Spokane Clean Air consults during a source inspection.

Dust Control

Requirements for Controlling Dust

If left uncontrolled, dust can be a health hazard and a public nuisance. When inhaled, fine particles travel deep into the lungs, increasing breathing problems, damaging lung tissue and aggravating existing health problems. This is why we require the use of control techniques to prevent and minimize the release of dust emissions.

There are many operations and activities that can create excessive dust emissions, including:

  • construction, rock crushing, grinding
  • site preparation, land clearing, excavating
  • demolition
  • grading, roadwork, hauling
  • concrete cutting, railroad ballast, masonry work
  • grain processing
  • baseball fields, off-road recreation, equestrian training, parking lots

If you work in any of these or related fields, please review and follow the regulations for minimizing dust emissions from your operations. If you have any questions, please contact us for assistance.

What are the requirements for controlling dust?

SRCAA Regulation I, Article VI, Section 6.05 specifies that:

  • particulate matter emissions must be minimized using every reasonable precaution depositing particulate matter onto the property of others is prohibited
  • precautions must be taken to remove dirt and mud from equipment and vehicles before movement onto paved roads
  • dirt and mud tracked onto paved roads must be promptly removed
  • dust emissions must not create a nuisance

How can I control dust?

Depending on the situation, one or more of the following strategies is recommended to minimize dust emissions:

  • use water or chemical dust suppressants
  • minimize activities during periods of high winds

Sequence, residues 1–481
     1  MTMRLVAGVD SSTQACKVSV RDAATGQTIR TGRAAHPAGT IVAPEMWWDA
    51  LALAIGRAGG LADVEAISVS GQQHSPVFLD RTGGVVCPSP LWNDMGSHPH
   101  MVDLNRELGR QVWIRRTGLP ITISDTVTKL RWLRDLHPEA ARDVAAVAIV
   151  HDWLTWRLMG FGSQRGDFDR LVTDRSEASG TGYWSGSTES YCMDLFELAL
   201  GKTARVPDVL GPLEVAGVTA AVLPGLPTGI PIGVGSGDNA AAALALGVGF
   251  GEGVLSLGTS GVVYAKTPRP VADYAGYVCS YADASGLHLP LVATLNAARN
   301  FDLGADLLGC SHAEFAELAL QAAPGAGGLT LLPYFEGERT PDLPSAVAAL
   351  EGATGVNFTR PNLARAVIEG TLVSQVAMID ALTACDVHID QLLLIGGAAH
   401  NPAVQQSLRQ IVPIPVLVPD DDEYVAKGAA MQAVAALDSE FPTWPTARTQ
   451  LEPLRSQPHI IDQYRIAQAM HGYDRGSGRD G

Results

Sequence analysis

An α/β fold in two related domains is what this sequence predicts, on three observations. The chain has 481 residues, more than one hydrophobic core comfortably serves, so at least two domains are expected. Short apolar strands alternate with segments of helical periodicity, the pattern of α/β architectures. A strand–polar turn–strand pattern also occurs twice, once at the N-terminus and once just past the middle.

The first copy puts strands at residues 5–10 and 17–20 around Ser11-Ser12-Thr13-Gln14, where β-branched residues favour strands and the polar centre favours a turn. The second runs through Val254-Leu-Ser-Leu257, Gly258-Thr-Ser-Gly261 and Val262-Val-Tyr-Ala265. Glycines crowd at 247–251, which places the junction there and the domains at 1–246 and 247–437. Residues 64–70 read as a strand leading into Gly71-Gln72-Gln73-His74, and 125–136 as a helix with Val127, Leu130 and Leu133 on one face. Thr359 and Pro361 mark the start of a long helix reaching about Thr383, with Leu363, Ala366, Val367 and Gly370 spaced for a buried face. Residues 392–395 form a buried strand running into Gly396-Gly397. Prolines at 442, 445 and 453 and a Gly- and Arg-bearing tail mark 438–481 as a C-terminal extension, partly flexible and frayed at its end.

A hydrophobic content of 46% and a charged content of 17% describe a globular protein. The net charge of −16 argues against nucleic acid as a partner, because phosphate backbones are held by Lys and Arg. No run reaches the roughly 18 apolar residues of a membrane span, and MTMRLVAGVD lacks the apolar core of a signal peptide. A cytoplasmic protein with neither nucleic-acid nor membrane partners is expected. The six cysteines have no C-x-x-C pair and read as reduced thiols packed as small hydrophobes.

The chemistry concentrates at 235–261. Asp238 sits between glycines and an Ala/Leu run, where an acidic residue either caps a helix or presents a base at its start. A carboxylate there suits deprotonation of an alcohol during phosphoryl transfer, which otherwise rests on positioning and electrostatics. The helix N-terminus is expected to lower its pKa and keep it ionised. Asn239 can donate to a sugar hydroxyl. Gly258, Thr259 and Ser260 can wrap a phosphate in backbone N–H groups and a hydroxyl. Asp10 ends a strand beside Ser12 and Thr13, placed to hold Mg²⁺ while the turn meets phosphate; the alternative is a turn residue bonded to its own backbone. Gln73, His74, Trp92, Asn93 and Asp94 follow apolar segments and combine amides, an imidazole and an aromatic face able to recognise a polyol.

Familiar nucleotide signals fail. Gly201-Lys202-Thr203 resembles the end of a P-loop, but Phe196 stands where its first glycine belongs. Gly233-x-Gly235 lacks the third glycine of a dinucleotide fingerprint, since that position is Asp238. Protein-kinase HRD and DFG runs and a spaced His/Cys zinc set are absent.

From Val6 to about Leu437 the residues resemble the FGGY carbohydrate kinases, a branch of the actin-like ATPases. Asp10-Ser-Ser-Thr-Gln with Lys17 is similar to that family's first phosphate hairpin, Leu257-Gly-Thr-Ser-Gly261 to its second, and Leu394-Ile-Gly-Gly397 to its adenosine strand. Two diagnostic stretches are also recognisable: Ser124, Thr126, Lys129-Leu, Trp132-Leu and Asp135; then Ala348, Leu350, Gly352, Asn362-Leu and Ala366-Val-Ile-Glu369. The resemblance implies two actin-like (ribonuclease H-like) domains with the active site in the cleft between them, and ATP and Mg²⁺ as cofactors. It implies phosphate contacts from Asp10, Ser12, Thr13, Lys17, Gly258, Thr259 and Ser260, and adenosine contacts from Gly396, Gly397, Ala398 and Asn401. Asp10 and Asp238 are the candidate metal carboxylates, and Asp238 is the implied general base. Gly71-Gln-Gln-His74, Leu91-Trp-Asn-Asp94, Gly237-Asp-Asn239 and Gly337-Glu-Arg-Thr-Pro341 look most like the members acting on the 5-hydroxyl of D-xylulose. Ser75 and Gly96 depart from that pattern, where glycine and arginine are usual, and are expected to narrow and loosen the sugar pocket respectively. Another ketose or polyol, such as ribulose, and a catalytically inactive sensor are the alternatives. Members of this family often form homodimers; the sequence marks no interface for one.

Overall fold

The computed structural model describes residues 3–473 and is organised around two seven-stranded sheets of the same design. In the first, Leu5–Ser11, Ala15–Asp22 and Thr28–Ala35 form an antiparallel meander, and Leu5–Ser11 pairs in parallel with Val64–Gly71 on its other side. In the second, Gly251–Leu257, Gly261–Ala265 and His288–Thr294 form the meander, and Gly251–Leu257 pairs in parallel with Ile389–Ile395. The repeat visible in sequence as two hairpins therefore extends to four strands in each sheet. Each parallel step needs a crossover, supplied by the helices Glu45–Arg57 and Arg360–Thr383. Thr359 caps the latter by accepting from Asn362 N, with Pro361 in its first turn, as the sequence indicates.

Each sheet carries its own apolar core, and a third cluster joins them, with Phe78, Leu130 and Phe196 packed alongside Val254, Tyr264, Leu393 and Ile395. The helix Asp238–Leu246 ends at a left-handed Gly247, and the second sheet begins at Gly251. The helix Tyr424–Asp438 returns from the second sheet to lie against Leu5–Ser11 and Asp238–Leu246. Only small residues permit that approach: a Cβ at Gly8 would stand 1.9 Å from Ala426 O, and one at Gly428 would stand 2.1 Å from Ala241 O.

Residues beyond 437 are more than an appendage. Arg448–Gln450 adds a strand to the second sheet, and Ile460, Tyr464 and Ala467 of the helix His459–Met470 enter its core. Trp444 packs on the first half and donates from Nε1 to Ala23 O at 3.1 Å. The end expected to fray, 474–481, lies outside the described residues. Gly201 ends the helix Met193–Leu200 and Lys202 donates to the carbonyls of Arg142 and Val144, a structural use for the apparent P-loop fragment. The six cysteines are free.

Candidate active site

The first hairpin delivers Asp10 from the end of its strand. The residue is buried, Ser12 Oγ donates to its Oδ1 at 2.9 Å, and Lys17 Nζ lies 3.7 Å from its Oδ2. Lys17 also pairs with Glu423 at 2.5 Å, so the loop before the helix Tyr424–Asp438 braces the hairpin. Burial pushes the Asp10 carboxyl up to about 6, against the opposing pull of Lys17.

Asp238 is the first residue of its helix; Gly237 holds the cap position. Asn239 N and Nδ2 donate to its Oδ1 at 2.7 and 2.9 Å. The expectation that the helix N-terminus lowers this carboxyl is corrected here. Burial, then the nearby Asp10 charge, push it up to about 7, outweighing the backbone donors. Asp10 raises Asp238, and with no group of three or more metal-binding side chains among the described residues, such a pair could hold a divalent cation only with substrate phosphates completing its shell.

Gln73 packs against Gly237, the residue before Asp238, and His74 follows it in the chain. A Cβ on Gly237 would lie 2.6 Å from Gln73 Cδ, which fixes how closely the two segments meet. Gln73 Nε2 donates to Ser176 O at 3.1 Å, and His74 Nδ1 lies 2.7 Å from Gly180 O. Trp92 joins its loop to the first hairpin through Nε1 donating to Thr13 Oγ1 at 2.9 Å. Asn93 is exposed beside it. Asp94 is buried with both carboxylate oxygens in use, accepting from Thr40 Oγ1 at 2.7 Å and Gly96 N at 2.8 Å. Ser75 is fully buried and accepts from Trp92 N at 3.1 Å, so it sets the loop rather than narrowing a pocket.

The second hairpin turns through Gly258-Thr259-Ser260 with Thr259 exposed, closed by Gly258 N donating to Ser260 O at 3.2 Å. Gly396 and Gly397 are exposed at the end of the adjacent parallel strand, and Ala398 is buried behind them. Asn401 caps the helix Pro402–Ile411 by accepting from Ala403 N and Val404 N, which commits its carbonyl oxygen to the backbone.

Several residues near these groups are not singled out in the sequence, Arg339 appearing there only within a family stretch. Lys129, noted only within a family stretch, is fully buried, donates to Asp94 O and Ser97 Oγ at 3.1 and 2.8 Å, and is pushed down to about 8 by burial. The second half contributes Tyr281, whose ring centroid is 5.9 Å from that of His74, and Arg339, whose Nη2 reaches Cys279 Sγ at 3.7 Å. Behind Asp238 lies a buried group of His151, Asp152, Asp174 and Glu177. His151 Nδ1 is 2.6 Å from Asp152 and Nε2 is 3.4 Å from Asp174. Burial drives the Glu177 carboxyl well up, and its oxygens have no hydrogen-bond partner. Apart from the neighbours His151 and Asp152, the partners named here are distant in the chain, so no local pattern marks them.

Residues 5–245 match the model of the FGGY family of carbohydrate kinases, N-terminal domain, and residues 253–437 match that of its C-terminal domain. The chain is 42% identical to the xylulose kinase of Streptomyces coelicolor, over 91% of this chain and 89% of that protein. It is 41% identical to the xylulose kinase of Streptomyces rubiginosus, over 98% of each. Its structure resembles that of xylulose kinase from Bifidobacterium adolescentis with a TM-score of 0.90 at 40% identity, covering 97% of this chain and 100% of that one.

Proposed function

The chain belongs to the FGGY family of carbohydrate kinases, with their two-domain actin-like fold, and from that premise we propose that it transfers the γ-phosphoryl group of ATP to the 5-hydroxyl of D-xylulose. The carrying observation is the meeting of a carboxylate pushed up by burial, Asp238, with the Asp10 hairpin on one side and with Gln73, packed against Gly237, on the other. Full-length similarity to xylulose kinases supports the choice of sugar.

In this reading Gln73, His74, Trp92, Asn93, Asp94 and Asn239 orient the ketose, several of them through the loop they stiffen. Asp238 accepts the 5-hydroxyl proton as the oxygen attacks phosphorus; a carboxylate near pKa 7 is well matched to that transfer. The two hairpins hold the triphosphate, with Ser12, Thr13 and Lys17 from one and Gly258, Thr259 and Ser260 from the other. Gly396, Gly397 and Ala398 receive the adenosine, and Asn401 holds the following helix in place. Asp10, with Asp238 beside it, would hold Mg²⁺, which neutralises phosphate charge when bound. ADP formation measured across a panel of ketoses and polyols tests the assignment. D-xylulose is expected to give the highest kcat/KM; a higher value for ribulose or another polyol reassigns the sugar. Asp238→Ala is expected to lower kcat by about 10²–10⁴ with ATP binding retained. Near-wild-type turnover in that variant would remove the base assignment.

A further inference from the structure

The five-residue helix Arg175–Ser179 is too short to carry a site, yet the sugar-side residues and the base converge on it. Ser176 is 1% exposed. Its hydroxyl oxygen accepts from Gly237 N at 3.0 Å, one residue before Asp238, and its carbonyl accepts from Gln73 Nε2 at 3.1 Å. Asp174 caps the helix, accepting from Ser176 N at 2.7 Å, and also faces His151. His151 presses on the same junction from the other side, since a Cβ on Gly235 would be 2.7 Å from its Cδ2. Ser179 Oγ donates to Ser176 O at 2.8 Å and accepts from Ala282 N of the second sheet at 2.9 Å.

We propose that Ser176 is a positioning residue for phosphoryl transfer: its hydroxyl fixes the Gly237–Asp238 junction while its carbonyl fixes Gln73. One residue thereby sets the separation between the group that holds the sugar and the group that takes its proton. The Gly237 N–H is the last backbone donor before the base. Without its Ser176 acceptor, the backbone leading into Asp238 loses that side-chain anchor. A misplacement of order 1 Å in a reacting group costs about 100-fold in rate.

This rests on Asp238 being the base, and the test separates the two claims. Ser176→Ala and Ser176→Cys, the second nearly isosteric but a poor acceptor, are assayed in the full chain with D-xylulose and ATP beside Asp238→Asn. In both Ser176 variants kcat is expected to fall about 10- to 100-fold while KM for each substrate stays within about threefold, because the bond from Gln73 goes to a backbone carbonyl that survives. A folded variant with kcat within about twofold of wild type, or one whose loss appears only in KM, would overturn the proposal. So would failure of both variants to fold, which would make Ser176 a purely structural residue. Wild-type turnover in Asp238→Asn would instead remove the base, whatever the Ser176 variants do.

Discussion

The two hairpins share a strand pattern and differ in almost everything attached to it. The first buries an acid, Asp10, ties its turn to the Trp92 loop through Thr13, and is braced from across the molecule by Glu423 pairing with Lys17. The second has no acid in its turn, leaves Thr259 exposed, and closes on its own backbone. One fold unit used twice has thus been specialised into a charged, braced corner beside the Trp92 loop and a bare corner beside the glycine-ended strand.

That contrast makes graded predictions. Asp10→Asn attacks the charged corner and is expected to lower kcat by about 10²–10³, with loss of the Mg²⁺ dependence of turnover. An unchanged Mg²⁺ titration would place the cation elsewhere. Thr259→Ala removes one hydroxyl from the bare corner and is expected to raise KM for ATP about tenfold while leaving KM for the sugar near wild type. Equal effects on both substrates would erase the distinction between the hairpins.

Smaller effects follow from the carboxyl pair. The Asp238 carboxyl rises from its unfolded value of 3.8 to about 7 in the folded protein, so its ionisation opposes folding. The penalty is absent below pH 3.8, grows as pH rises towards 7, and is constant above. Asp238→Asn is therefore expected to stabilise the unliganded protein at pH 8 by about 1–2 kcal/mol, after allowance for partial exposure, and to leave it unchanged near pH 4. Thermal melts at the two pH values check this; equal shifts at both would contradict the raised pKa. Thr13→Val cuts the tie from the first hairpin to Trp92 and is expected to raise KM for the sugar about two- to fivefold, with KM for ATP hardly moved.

• use covered chutes, covered containers, or collection and control equipment when handling, transferring, and/or storing dusty material
  • minimize free fall distances for dusty materials
  • vegetate or mulch dusty areas
  • maintain adequate freeboard and cover loads when transporting dusty materials
  • keep paved surfaces clean
  • restrict access or limit vehicle speeds on unpaved areas to 15 miles per hour
  • limit the amount graded at any one time

How can I minimize tracking?

When dirt, mud and debris is tracked onto paved roadways, it dries up and is resuspended in the air by passing motorists, causing dust emissions. The following strategies are recommended to minimize tracking:

  • pave or gravel unpaved traveled surfaces
  • pave or install gravel buffer areas at exits
  • clean vehicle tires and undercarriages before traveling on paved roads (wash stations)
  • promptly clean up material that has been tracked onto paved roadways (wet flush/spray off, street sweep/vacuum)

Compliance and Enforcement of Dust Emissions

Our inspectors respond to citizen complaints about excessive dust. Inspectors conduct surveillance throughout the county, and perform on-the-spot inspections if dust problems are observed. Documented violations may result in formal enforcement action, including civil penalties.

It is your responsibility to be aware of all dust control regulations before you begin activities that could generate dust. The best way to avoid enforement action due to excessive dust emissions is to:

  • implement adequate control measures (examples above)
  • regularly monitor your operations
  • make sure all employees and contractors understand the dust control requirements and measures at your location(s)
  • evaluate your dust control procedures to identify additional issues that may develop as the project progresses
  • call a Spokane Clean Air inspector to ask any questions you may have while developing your dust control plan